This should be done even if your contact receives a negative test during their quarantine period because they could develop symptoms 2 to 14 days after being exposed.

Let your contact know that they may receive a call from Public Health to ask questions and offer additional information. Please ask your contact to answer the phone call from “NYS Contact Tracing” (518-387-9993). It is confidential and private.

If your contact has additional questions, they can contact their health care provider, the local health department where they live or call the NYSDOH COVID-19 hotline at 1-888-364-3065.

Drive-Through Testing

Drive-through sampling sites are a critical part of the Governor’s nation-leading program to test for COVID-19. These facilities reduce density and the potential for spread by keeping people who are sick or at risk of having contracted coronavirus out of healthcare facilities where they could infect other people.

The drive-through sites are prioritizing sampling for symptomatic individuals that are part of the highest risk population, those who have been in close contact with a positive case, and, as necessary, health care workers, nursing home employees and first responders on the front lines.

Testing is by appointment only. Residents who believe they have been in close contact with a case and have symptoms, and would like to be tested can be assessed by calling the COVID-19 hotline at 888-364-3065. 

Individual test results are sent to the individual by phone, texted, or they can access the online patient portal at http://www.Bioreference.com.

Testing Guidance

Antigen Testing

Antigen tests are an important part of the COVID-19 public health emergency response strategy as these tests are relatively inexpensive and can be used at the point-of-care.  The New York State Department of Health provides recommendations to support the effective use of antigen tests for different testing situations to ensure the most appropriate interpretation of antigen test results, which is important for accurate clinical and public health management.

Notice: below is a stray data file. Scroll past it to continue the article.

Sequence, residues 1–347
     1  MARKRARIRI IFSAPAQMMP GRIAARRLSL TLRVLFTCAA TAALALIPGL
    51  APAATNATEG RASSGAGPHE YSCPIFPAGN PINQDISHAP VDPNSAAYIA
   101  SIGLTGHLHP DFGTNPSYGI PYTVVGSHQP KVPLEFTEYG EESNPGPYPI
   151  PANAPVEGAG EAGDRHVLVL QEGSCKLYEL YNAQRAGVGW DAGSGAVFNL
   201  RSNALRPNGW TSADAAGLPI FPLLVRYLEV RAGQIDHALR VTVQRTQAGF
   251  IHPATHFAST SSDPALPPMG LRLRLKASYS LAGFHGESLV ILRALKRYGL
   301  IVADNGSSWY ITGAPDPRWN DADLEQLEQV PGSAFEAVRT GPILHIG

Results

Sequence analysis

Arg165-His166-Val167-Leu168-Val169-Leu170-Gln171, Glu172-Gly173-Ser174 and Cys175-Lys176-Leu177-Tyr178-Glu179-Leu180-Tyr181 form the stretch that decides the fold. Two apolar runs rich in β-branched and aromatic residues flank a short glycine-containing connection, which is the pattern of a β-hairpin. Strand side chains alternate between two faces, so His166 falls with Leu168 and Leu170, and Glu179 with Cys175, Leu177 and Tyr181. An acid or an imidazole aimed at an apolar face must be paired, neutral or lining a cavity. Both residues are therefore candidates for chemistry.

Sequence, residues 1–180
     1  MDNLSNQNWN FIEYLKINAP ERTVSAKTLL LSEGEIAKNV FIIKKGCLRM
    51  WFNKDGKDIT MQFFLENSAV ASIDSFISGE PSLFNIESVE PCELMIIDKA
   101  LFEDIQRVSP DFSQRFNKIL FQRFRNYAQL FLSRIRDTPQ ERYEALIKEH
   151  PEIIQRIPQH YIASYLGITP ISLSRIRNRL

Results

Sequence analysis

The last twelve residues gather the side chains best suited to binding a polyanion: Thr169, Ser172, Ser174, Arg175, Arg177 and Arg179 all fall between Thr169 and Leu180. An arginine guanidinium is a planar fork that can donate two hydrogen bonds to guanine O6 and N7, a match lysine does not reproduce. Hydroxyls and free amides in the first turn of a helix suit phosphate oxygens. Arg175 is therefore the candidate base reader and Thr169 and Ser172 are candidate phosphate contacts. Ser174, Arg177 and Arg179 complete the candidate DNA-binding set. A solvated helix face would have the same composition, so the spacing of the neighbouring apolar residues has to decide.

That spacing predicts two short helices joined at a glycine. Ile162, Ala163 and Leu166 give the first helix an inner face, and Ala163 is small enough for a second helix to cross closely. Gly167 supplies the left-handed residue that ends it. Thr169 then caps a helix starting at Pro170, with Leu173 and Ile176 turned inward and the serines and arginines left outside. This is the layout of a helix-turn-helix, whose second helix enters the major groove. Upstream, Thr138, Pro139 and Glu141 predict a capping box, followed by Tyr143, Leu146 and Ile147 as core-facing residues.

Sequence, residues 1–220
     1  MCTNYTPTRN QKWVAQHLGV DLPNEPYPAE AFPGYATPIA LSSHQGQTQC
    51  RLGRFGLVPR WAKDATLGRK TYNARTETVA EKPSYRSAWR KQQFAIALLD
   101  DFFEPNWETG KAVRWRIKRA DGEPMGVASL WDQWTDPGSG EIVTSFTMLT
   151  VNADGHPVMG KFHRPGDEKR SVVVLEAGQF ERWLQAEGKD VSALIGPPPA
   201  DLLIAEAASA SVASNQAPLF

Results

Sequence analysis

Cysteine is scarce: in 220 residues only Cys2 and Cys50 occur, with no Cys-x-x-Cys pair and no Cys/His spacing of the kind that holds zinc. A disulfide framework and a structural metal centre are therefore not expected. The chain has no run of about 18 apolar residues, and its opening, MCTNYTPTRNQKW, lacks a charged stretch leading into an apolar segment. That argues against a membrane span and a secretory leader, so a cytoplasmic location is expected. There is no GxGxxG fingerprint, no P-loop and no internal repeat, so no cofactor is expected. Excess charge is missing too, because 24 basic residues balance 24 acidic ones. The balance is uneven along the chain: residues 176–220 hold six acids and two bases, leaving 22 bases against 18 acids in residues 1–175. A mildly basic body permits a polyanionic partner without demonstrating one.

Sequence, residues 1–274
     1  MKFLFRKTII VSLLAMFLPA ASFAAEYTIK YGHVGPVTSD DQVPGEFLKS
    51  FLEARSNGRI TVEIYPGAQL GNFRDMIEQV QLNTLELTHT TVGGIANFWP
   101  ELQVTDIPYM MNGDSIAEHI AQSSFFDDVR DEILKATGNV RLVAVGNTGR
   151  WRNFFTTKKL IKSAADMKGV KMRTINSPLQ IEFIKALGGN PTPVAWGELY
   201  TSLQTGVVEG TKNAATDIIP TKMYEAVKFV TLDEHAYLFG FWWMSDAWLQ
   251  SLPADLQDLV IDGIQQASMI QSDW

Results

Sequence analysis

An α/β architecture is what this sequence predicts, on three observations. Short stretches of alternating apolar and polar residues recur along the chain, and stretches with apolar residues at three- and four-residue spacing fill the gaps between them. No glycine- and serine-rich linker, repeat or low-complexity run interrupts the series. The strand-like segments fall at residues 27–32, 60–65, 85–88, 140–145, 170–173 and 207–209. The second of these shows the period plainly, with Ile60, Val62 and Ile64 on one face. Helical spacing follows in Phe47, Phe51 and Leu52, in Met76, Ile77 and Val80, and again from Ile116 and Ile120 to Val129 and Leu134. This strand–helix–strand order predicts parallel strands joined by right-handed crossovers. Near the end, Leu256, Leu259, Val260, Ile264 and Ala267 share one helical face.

Antibody Testing

New York State is conducting an antibody testing survey to develop a baseline infection rate. The preliminary results of phase two show 14.9 percent of the population have COVID-19 antibodies. The preliminary results of phase one of the state's antibody testing survey released on April 23rd showed 13.9 percent of the population have COVID-19 antibodies.

Contact Tracing

Contact Tracers work with people who have tested positive for COVID-19 to identify people they have had contact with and let them know they may have been exposed to the disease. 

Find additional information on the New York State Contact Tracing Program.

Molecular Testing

Rapid molecular tests such as the Abbott ID NOW are an important part of public health emergency response strategy as they are relatively inexpensive and can be used at the point-of-care. The New York State Department of Health provides recommendations to support the effective use of the Abbott ID NOW for different testing situations to ensure the most appropriate interpretation of these test results, which is important for accurate clinical and public health management.